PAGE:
New classes, programs will begin at Minnetonka next school year
Minnetonka High School students will have greater class selection beginning in the 2013-2014 school year.
The Minnetonka School Board approved 12 new classes, as well as a new program to address real-world business experience.
Though new classes are customarily offered each year, the proposal for next year’s new courses is unusually high.
“Sometimes you have one or two being proposed, this year you have a number of them being proposed,” said Supt. Dennis Peterson.
The courses were presented to the Teacher Learning and Advisory Committee, and have had good feedback thus far, says Steve Urbanski, Director of Curriculum and Instruction. Urbanski says the courses are designed to expand student options as well as courses that are really more designed to meet some new standards, specifically in social studies.
Whether each course is a go depends on student enrollment.
“They (the courses) will be offered in terms of the Skipper Log [the district’s course catalog], and all of these courses in terms of whether or not they run, enrollment will determine all of that,” said Urbanski. “Obviously any time you have a first-year course there are some pieces you’ll want to come back and evaluate and potentially tweak.”
The Global Study and Economics course will be required for the half-credit of the 3.5 credits needed for social studies in 12th-grade
“The pathway it gives kids to think about their future, it’s great,” said board member Lisa Sumner. “They are all right on track for giving them experiential classroom time for the future.”
Also new for next school year is the Vantage Program. This is a three-credit course that prepares students for real-world business experience. It’s immersion in a business environment, says Chris Pears, one of the teachers helping to facilitate the program.
Students will spend half their day off site working on projects and meeting with professionals in business and industry. They will build relationships with businesses around the community and work with them through mentorships, projects and other collaboration.
“That business environment over the next few years will blossom into … a variety of fields,” Pears said.
The program was modeled after a program at a school in Overland, Kan., known as Center for Advanced Personal Studies.
The college-level education will cover economics, business and management and business communication. Two credits can be earned for social studies and English and one for an elective. It will also be recognized for college credits.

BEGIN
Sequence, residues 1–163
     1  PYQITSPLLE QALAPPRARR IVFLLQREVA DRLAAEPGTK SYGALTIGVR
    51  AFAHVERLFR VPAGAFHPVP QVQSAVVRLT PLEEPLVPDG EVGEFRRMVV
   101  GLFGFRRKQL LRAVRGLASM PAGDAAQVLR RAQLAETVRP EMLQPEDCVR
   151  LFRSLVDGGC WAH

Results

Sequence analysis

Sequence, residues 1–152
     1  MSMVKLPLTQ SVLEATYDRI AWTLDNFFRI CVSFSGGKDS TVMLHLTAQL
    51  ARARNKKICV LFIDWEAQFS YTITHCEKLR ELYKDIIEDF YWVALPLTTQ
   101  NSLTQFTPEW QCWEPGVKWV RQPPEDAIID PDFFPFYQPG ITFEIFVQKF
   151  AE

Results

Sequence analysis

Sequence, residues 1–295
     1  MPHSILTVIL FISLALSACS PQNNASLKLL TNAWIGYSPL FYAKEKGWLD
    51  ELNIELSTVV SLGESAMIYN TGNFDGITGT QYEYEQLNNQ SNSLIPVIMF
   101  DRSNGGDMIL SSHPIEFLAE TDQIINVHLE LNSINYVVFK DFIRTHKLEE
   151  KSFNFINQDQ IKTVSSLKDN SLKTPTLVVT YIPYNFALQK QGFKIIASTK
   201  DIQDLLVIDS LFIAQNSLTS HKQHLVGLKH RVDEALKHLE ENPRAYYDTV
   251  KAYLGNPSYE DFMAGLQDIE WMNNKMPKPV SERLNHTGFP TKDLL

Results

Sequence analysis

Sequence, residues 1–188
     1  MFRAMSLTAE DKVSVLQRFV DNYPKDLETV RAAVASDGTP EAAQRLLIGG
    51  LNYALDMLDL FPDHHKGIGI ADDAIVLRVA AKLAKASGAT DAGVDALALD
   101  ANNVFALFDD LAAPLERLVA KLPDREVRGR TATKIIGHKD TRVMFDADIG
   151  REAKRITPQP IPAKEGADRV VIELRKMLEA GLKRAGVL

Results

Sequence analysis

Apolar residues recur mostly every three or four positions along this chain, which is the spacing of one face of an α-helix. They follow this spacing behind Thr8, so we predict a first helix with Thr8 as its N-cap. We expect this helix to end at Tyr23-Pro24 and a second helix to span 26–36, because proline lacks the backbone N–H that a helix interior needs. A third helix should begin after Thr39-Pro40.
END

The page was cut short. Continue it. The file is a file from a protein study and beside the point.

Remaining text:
Pears says empowering students to work in an adult and business environments allows them to wrestle with real-world problems.
“We’re taking it to the next level by taking principles of business and economics and infusing it with a real-world environment with real-world business problems,” Pears said.
Though, it’s not just teaching students; it’s preparing them for what to expect on many levels, Pears says.
“You have to create the business environment,” he said.
That includes such things as the proper clothing and an advanced level of interaction with other members of the business community – business etiquette skills.
As technology continues to evolve the business world, Pears says there are a variety of mediums that need to be mastered in order to present a message. Also as part of the program, students will conduct research on businesses issues, much like a consultant would.
“When you take that context of being able to do real-world research, it’s exactly like what they’d be doing three or four years down the road when they emerge from undergrad school,” Pears said. “When you’re interacting with executives in a variety of different levels, it’s definitely a different kind of experience.”
Internships, says teacher Erik Sill, only provide experience with one company.
“These kids will be going to different locations and meeting with different guest lecturers and being exposed to even more corporate settings,” Sill said.
As a way to curb “senioritis,” a common ailment of seniors slacking off before graduation, Sill says they will be meeting standards but not realizing it because of the hands-on, unique work that will be required of them.
Getting ahead of the curve is a must, the educators say, in today’s high-demand business climate.
“What this program seeks to do is not try to predict what are going to be the specific business areas in four to five years, because none of us really know,” Pears said. “What they’ll be doing is really more developing the mind-set to operate in a fluid, varied and uncertain business environment.”
Board member Pam Langseth says it’s the real-world experience that will really catapult students ahead when applying for positions after college graduation.
“I think it’s going to be an extraordinary live experience and real experience to really learn about a concept, but then really put it into action and understand it from a business professional point of view, which is a unique experience for a high schooler today,” Langseth said.
Parent information meetings will be held at the end of January and beginning of February.
Proposed new courses at Minnetonka High School
• English 12 Speech – a hybrid course
• Theory of Knowledge
• Environmental Science
• Sports, Exercise and Health Science
• Food Science Biology
• World Studies
• Honors World Studies
• Human Geography and Civics,
• Global Studies and Economics
• Airbrush 2
• Civil Engineering and Architecture
• “GAME: IT,” a video game design course
Contact Chris Dillmann at email@example.com